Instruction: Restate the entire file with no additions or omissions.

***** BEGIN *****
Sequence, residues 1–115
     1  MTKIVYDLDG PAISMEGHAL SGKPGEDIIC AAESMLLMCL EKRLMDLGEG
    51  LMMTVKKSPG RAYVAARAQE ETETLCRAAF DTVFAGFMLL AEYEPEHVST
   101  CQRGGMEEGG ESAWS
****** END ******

Sequence, residues 1–115
     1  MTKIVYDLDG PAISMEGHAL SGKPGEDIIC AAESMLLMCL EKRLMDLGEG
    51  LMMTVKKSPG RAYVAARAQE ETETLCRAAF DTVFAGFMLL AEYEPEHVST
   101  CQRGGMEEGG ESAWS